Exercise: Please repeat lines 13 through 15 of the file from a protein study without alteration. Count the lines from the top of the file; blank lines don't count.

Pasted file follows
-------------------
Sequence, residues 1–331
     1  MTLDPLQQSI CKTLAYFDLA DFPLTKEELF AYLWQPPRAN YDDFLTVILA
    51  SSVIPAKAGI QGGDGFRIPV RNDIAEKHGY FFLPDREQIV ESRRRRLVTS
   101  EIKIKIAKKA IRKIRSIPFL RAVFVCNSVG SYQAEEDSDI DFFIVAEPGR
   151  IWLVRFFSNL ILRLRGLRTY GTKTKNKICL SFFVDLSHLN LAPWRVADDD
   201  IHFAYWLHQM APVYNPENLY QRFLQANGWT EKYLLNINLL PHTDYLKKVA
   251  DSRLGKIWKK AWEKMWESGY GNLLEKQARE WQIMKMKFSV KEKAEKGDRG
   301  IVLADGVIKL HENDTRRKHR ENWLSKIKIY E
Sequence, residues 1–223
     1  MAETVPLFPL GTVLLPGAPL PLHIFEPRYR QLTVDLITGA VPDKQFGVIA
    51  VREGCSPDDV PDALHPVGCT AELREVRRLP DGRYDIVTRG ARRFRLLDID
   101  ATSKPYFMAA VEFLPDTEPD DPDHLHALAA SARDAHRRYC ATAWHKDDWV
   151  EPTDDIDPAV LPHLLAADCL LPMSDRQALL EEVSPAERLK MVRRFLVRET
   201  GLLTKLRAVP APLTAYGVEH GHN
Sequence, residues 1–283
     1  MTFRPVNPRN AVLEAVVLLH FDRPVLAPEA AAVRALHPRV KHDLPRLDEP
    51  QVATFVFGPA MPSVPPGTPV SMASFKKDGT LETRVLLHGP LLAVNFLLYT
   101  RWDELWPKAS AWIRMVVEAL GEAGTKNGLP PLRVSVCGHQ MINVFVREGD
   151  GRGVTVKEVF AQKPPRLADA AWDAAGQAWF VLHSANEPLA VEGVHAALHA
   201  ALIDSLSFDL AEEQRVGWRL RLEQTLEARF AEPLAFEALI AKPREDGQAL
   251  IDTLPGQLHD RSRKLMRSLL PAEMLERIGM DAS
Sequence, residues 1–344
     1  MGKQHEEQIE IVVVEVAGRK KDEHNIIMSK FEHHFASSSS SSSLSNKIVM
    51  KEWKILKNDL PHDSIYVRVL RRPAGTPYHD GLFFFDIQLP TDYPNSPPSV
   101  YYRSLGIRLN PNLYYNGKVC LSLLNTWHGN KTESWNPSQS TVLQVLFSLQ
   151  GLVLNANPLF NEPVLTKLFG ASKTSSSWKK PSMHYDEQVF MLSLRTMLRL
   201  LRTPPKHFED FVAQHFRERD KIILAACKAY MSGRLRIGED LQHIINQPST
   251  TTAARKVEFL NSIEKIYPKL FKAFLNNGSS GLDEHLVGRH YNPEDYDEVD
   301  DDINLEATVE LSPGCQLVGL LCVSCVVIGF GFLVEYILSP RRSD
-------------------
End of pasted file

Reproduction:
   151  EPTDDIDPAV LPHLLAADCL LPMSDRQALL EEVSPAERLK MVRRFLVRET
   201  GLLTKLRAVP APLTAYGVEH GHN
Sequence, residues 1–283